Facebook just announced the official, audited results of its final site governance vote. Though it will remove voting from its governance structure, it plans to “implement new, innovative and effective ways to enhance this process.” Well under 1 percent of users voted, and the final tally was 589,141 people opposed to the changes, and 79,731 in favor.
“While participation in the vote was minimal, this experience illustrated the clear value of our notice and comment process,” Facebook said. “Your substantive feedback on our proposals during the seven-day comment period, along with discussions with our global regulators, resulted in clarifications and revisions to those proposals.” Here Facebook is trying to stress that it was able to gather feedback without the vote, and will be able to do so in the future.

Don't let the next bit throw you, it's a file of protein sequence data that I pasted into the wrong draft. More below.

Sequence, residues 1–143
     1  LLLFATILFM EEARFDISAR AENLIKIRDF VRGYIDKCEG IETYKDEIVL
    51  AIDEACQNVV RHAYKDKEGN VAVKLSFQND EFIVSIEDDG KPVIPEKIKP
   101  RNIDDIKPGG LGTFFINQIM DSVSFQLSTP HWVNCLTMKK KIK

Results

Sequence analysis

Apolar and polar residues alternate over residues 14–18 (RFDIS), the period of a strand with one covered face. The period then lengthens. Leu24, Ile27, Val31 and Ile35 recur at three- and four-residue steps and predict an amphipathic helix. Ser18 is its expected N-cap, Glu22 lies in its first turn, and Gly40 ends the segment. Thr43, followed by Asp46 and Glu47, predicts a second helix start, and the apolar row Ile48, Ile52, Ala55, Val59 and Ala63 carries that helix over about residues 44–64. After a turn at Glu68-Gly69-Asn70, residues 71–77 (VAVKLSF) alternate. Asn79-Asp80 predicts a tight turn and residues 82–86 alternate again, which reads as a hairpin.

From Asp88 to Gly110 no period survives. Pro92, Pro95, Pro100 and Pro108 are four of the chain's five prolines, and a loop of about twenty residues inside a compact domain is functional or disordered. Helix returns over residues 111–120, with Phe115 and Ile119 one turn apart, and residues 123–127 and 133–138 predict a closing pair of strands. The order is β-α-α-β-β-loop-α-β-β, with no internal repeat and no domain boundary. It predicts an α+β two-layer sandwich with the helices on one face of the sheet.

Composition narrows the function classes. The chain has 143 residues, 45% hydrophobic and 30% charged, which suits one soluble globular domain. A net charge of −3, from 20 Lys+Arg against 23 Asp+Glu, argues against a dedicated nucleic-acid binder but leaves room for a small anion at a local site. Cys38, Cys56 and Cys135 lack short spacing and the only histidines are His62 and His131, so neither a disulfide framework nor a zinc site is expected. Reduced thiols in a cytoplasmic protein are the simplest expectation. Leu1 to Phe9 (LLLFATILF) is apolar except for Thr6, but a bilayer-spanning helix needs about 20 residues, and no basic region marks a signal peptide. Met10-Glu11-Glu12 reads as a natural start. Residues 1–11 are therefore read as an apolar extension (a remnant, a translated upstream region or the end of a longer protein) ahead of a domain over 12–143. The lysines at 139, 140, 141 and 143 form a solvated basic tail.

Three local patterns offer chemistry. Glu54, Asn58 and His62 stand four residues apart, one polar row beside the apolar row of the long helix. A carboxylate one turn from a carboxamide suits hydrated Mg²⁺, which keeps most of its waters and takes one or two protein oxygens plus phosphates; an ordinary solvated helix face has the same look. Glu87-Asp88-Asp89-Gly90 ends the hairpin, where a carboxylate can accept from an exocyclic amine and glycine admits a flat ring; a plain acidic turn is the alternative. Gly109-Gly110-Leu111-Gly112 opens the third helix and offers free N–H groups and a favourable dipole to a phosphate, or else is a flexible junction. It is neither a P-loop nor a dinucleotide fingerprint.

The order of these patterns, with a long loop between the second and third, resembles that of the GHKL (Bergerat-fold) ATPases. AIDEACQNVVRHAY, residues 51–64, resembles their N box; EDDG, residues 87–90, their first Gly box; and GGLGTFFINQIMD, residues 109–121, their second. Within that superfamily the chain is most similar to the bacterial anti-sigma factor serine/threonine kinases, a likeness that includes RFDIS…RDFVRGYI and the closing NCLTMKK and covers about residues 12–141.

Facebook had the opportunity to listen to the 88 percent of users who voted against the changes and voluntarily opt not to implement the new versions of its Statement Of Rights And Responsibilities and Data Use Policy. But instead it says that “we have decided to adopt the proposed updates to our SRR and Data Use Policy.” The changes go into effect immediately.
Still, Facebook gave some hope to users who wished for some kind of site governance compromise between the broken voting system that was in place and its elimination entirely. Perhaps one day it will offer a sort of “veto” power to the user base to allow it to block changes they feel could jeopardize their privacy, security, or the utility of Facebook.
Elliot Schrage, Vice President, Communications, Public Policy and Marketing, explained:
“We understand that many of you feel strongly about maintaining the participatory nature of our site governance process. We do too. We believe that having a meaningful dialogue with our community through our notice and comment process is core to that effort moving forward. We also plan to explore and implement new, innovative and effective ways to enhance this process in order to maximize user engagement.”